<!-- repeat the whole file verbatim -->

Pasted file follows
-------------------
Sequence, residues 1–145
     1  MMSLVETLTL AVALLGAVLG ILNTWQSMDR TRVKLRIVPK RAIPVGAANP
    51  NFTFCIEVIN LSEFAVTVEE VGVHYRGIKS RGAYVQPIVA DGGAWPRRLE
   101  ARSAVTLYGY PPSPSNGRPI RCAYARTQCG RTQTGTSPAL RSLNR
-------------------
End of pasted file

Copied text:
Sequence, residues 1–145
     1  MMSLVETLTL AVALLGAVLG ILNTWQSMDR TRVKLRIVPK RAIPVGAANP
    51  NFTFCIEVIN LSEFAVTVEE VGVHYRGIKS RGAYVQPIVA DGGAWPRRLE
   101  ARSAVTLYGY PPSPSNGRPI RCAYARTQCG RTQTGTSPAL RSLNR